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CinepoetryImaginary Cinemas in French Poetry$
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Christophe Wall-Romana

Print publication date: 2012

Print ISBN-13: 9780823245482

Published to Fordham Scholarship Online: May 2013

DOI: 10.5422/fordham/9780823245482.001.0001

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Doing Filmic Things with Words

Doing Filmic Things with Words

On Chaplin

Chapter:
(p.158) Chapter Six Doing Filmic Things with Words
Source:
Cinepoetry
Author(s):

Christophe Wall-Romana

Publisher:
Fordham University Press
DOI:10.5422/fordham/9780823245482.003.0007

Chaplin's Essanay and Mutuals films arrived in France in 1916, during the war, eliciting strong reactions from artists, writers and poets, and directly hastening the first experimental cinepoems in 1917-18. This chapter explores how the fundamentally paradoxical embodiment that Chaplin figured in his movies--vulnerable yet invulnerable, Romantic yet unsentimental, noble yet a bum, small yet powerful, spastic yet unshakeable, animated yet reified, etc.—reached into French poetry. Aragon noted this ontological plasticity of Chaplin, and Goll developed the demiurgic, rebellious, but also abject, even insect-like nature of the Tramp's persona. Indeed Michaux, Ponge, Soupault and Debord all compare Chaplin to a lowly insect, a social parasite. The housefly in particular, because of its faceted eye, angular flight, and ubiquitous gaze, became an animalized metaphor for the camera and the film apparatus. Chaplin's body and films are thus the site where crucial esthetic and epistemological mutations were discovered that came to shape cinepoetry through what I call Chaplin's ‘automatic riding.’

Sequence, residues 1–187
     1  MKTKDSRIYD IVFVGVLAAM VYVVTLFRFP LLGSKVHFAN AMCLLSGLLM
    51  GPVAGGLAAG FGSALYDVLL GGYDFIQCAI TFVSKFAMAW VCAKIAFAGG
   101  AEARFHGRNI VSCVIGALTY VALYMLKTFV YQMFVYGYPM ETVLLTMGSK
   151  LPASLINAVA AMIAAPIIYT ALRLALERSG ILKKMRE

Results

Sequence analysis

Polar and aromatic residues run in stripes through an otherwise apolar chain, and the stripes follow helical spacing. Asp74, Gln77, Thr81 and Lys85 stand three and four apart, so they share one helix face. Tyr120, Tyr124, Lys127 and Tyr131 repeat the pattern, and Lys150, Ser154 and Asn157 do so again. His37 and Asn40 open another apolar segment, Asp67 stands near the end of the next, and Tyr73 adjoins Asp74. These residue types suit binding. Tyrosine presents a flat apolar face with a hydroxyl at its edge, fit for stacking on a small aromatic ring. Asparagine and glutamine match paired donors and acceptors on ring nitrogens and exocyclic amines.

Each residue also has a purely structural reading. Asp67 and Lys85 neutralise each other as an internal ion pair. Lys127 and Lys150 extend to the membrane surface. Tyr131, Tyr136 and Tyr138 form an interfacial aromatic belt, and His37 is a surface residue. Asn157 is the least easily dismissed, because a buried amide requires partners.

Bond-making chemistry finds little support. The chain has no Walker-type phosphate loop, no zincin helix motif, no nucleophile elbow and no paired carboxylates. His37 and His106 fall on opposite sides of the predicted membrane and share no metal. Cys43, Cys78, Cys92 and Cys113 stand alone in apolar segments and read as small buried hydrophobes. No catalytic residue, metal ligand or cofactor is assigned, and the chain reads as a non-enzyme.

Keywords:   Charles Chaplin, Louis Aragon, Philippe Soupault, Henri Michaux, Yvan Goll, Francis Ponge, Reification, Apparatus, Automatic riding, Rhythm

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